Twitter has been touted for its myriad of potential uses — from social networking to news headline tracking to marketing yourself. To this growing list, you can now add a new item: remotely controlling your Mac. That’s what you can do with TweetMyMac, a Mac application available since September.
Imagine sending a Twitter message from wherever you happen to be, containing a command such as “open Safari,” and having the requested command carried out on your Mac back home. That’s the way TweetMyMac works.
To get this set up, you need two Twitter accounts: your main one and a special one set up just for TweetMyMac. Next, launch TweetMyMac and leave it running. Now, send any valid command via a direct message from your Twitter account to the TweetMyMac account. When TweetMyMac receives the message, the command is carried out.
There are currently 21 commands that are understood by TweetMyMac, ranging from Shutdown to Mute to Screensaver to Open [application]. There’s even a shell command that, assuming you know how to work with shell commands, opens the door to functions not included in TweetMyMac’s predefined list.
After playing with TweetMyMac over the past few weeks, I find myself vacillating among three different reactions: “Wow, this is truly amazing,” “Technologically impressive but, really, who needs it?” and “Gak, the implications are a bit scary.” Let me explain each reaction in some detail.
Wow, this is truly amazing. This was my first reaction. I was amazed that something like this was even possible — via Twitter. I began to consider possible practical uses.
Suppose I left for a trip and forgot to turn off my Mac. I could now turn it off via Twitter.
Or perhaps I left my Mac on deliberately, so that I could access it for file sharing while on a trip. The only problem is that I forgot that I would need the Mac’s IP address. No problem, a TweetMyMac command sends me the needed address. Or perhaps I just want to quit my email program on my Mac, so that it doesn’t automatically download email from a POP account before I can grab the email from my iPhone.
I can confirm that all of these commands work as advertised. There’s usually a lag of about a minute or so, between when I send a command and when it takes effect. But it otherwise worked fine in my tests. As I said, amazing.
Technologically impressive but, really, who needs it? After getting over my initial enthusiastic response, reality slapped me in the face. My so-called practical examples sounded great, but how often would I really need to do these things? Almost never. And unless I left TweetMyMac running all the time, it might not even be running when I needed it.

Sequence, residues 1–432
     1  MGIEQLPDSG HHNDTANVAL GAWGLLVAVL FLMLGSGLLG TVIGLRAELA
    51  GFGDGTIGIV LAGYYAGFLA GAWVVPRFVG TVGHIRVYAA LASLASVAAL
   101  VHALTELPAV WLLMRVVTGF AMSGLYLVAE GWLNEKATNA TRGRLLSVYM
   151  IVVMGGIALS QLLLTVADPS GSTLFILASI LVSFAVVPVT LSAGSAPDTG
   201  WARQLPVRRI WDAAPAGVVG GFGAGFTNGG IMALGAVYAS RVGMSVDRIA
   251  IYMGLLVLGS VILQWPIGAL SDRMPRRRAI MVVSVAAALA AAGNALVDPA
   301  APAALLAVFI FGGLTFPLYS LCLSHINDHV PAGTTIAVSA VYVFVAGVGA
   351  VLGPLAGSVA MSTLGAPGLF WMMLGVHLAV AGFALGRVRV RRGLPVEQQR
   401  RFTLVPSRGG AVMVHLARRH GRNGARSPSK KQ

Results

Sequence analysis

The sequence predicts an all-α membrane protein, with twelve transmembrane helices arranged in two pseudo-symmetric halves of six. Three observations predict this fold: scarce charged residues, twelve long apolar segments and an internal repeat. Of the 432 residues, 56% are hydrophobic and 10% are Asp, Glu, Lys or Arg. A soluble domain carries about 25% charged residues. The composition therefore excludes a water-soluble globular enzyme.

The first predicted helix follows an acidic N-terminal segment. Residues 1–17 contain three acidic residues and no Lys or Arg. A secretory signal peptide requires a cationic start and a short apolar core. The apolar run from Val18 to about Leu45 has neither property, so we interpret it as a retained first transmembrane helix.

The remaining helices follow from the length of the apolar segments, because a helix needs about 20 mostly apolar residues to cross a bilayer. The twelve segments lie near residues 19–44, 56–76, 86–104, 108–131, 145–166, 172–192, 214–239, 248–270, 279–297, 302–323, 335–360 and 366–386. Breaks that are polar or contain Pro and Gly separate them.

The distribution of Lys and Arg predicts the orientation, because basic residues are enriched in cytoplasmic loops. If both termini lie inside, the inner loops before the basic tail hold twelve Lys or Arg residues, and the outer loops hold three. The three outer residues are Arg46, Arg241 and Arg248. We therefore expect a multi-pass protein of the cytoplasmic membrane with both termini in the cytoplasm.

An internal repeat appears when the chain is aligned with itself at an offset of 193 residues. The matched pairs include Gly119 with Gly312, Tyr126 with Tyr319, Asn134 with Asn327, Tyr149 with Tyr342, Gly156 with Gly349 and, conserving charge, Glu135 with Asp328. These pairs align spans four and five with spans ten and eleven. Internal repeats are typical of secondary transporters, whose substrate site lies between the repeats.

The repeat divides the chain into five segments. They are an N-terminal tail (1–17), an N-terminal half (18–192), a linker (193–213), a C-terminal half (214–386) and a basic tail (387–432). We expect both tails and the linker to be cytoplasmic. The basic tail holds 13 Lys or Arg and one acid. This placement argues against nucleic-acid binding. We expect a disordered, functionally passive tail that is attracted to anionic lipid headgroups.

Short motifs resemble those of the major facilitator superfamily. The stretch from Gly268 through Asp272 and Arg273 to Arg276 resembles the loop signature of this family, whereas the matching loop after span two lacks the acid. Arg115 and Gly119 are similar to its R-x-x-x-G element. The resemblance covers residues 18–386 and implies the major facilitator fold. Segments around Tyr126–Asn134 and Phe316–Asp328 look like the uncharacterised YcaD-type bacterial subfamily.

On closer inspection, many of the commands seemed entirely worthless. I mean, why would I want to remotely launch an application on my Mac when I can’t further interact with the application in any way? I might want to do this if the application was required to remotely connect to my Mac in some other way. Otherwise, I can’t think of a reason. Actually, if I really wanted to control my Mac from my iPhone, I would likely be better off with a app such as Mocha VNC Lite.
Gak, the implications are a bit scary. For TweetMyMac to work, you have to set the TweetMyMac account to follow your regular account. It’s important that you do not set TweetMyMac to follow other accounts. Why? Because any account that it follows can send commands to your Mac. This is where it starts to get a bit scary.
If you select to follow others with your TweetMyMac account, and they are aware of this, they could send commands to your Mac even while you are at home working. Imagine having Safari quit while you are in the middle of surfing — because someone remotely sent a quit command. It could happen.
“You’re exaggerating this risk,” I hear you saying, “because I have no intention of ever following anyone but myself.” But imagine this: You work in a semi-public place, such as a large office. You briefly get up from your desk to get a cup of coffee, leaving your Mac unattended and unlocked. Now anyone could come along and add their account to TweetMyMac’s “following” list. When you returned, you’d never detect this unless you actively checked.
At this point, the person with the newly added account can send commands to your Mac. Hopefully, someone would only do this for an “April Fools”-type practical joke — such as using the Say [phrase] command to have the Mac suddenly shout out an insult. Ha ha. But they could do something more serious.
The scariest scenario is the possibility that some hacker could figure out a way to gain this access even without you explicitly following them. I know this seems unlikely. But check Apple’s list of security updates; you’ll see that all sorts of unlikely events that are quite real.
Bottom line. TweetMyMac: a great new utility, a worthless piece of software, or a dangerous risk? Which is it? It’s a bit of all three. If it sounds intriguing, try it out and decide for yourself.